Zeldis clears his throat. "I am a god. I have no need of food." He tries to speak with contempt, but for once, there is a slight tremble in his voice.

Gelda blushes and looks down, embarrassed. "Of course, my lord."

Her demure submission is charming, and catches him by surprise. When others show such humility to him, it brings his scorn; but for her, it sends chills through him. Zeldris watches as she shifts uncomfortably, her lips parting as if to say something, only to close again, and he feels the urge to please her. "I—will taste one," he concedes.

Her cheeks are still dusted with pink as she looks back at him shyly through her lashes. A small smile ghosts her lips, and Gelda juggles the fruit she holds to take an olive, round and ripe, in her fingers. She holds it up for him to take, but Zeldris is so captured by her boldness that at first he does not respond. So she presses the fruit to his lips. At once they open, and her fingers slip inside, his mouth at once filled with the taste of her salty skin and the bitter olive.

Flames of desire are at once ignited, and Zeldris grips her wrist to pull her hand away. The olive bursts in his mouth; suddenly the taste overwhelms him, his eyes widening at the sensation. All the meals in the Underworld, the wines and cakes and meat that was laid in front of him and that he had shared with his brothers, none of it compared to the simple taste of an olive offered by the girl that stands before him. The tender flesh rolls between his teeth as the tart juices fill his tongue, the pit catching inside of his cheek, the flavor bright and crisp and vibrant as the princess.

He gasps, feeling a burning sensation behind his eyes. She has done this again, reached inside of him and pulled on his heartstrings, bring up a memory of life that bubbles to the surface and overflows inside of his chest. This simple pleasure confuses him even as it leaves him trembling.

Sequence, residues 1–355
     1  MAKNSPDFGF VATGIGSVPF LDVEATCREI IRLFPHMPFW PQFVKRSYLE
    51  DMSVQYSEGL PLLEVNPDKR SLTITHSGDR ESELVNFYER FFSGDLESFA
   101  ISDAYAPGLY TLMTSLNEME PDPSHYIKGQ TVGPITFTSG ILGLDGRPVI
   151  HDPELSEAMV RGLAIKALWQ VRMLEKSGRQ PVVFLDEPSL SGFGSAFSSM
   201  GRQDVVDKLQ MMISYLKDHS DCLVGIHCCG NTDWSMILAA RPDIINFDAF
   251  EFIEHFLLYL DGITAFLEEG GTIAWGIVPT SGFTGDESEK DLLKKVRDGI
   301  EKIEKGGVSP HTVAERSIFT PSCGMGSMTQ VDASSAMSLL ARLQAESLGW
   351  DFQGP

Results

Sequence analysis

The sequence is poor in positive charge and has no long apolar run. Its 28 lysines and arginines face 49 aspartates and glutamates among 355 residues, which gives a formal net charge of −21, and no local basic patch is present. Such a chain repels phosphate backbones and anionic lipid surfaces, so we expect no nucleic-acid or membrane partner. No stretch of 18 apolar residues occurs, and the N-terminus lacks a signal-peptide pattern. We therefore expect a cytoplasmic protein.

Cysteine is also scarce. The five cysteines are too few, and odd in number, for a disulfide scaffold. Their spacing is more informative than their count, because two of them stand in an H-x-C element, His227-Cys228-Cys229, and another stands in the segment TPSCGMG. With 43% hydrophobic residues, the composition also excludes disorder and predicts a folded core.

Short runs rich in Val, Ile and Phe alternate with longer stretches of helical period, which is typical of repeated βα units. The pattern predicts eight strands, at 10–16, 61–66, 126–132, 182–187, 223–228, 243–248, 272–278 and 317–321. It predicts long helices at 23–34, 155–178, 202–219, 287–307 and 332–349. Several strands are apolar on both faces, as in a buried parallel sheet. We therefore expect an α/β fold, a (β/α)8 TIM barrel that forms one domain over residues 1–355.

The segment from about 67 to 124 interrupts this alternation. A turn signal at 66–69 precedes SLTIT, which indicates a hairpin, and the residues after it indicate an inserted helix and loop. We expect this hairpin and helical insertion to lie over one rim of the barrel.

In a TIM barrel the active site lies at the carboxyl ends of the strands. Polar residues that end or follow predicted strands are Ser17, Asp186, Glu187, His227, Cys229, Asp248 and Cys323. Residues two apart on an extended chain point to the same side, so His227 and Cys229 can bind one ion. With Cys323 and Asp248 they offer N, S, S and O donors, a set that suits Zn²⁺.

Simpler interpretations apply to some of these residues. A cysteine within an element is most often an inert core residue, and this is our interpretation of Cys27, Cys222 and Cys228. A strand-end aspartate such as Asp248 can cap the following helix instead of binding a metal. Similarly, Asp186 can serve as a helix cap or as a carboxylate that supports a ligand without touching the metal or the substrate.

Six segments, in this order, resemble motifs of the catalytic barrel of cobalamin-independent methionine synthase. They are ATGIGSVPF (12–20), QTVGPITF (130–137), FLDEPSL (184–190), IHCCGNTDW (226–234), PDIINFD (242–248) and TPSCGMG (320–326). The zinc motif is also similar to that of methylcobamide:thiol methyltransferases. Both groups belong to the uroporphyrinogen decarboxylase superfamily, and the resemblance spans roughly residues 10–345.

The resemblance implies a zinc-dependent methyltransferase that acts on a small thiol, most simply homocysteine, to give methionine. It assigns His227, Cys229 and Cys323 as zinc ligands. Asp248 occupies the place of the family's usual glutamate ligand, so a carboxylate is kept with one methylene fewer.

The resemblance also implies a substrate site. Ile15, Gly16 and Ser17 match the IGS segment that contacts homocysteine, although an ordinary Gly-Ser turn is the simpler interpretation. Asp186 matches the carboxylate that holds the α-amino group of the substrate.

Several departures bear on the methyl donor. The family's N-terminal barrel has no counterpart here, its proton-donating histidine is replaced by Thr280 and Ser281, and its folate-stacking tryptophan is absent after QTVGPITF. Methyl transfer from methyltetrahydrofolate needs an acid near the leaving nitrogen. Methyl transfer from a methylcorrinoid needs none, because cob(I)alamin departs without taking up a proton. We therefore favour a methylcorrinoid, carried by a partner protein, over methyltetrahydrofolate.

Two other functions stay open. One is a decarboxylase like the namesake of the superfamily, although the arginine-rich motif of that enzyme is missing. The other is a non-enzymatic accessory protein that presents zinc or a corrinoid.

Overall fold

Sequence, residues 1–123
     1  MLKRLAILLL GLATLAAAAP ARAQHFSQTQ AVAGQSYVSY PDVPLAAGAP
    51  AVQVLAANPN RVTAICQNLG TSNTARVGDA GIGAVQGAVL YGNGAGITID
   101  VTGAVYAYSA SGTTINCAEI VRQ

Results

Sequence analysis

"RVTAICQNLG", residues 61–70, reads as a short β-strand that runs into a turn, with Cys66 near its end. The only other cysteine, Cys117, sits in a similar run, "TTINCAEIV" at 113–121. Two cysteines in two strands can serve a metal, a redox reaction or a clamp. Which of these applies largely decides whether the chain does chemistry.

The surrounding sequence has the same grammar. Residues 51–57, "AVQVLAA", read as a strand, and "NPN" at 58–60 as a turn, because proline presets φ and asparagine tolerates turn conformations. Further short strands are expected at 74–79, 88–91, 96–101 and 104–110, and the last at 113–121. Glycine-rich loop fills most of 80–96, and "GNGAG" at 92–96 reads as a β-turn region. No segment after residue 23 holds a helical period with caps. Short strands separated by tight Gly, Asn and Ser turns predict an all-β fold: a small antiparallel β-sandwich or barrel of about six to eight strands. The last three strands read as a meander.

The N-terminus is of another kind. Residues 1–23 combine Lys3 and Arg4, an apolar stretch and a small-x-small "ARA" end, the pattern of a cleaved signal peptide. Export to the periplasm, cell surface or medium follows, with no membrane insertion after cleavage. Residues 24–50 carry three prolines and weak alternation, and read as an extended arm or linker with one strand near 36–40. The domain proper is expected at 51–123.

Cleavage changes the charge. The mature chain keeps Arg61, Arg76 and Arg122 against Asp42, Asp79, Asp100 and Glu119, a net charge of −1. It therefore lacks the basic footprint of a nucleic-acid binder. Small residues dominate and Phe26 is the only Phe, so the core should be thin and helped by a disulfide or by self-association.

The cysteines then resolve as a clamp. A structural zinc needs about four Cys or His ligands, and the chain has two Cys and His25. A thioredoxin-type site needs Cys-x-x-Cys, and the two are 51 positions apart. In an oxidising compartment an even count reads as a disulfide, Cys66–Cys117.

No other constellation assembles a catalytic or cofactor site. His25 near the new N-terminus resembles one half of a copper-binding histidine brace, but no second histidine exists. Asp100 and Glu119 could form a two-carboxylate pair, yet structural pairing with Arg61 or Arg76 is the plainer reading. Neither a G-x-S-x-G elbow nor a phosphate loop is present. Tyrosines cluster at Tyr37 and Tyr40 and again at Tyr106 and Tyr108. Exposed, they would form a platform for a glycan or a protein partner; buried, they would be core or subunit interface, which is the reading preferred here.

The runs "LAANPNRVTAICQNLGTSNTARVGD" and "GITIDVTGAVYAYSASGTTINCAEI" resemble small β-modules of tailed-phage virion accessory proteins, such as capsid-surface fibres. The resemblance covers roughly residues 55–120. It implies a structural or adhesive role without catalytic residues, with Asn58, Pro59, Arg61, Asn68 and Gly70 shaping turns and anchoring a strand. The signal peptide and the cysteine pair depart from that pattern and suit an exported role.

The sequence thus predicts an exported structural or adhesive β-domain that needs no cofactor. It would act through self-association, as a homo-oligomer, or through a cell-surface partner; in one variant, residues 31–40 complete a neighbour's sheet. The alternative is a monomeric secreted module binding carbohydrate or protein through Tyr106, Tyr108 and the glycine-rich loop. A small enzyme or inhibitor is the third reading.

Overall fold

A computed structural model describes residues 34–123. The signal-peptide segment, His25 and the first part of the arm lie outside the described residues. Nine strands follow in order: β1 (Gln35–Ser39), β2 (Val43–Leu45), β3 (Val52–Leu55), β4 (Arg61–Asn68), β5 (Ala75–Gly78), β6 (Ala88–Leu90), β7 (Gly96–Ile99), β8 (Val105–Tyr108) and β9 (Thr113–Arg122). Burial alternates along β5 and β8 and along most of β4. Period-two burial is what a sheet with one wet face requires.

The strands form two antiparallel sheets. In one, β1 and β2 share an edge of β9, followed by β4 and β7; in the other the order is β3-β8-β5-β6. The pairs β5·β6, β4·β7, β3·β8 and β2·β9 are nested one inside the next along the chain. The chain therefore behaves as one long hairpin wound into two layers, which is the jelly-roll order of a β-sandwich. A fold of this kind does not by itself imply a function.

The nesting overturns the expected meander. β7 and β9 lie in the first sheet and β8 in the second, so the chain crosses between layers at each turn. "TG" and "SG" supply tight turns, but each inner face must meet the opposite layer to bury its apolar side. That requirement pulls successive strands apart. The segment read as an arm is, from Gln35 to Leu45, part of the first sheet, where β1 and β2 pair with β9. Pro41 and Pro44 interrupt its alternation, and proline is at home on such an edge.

He is still gripping her wrist, but Gelda turns her hand to tug on his arm. "Is it good?" she asks, and when he nods, unable to speak, she breaks into a grin. "Here, have more."

She sits on the grass, guiding him down next to her. In a haze he swallows the fruit as she lays out the rest on the fabric of her skirt, pooled in her lap. "What would you like?"

This is the second time she has asked him this, but this time, Zeldris has no answer. The act of being fed and the flavor of the simple fruit has him stunned completely. But Gelda's eyes are kind as she hands him cherries, a plum, and an apricot. Eagerly he takes the offered food and begins to eat, the taste more acute than ever. It is unlike any meal he has had, either on the gilded plates of his kingdom, or before that, the simple earthenware of his wife's kitchen.

For several minutes they enjoy their meal in silence, and the demon cannot take his eyes from her face as she peels and eats an orange. Zeldris is fascinated with the way her delicate fingers pull back the skin and the tantalizing way her tongue traces her lip after the fleshy inside is placed in her mouth. He remembers the feel of her mouth under his, her taste, and now desire is gaining ground inside of his mind as it shifts from the food they eat to the princess beside him.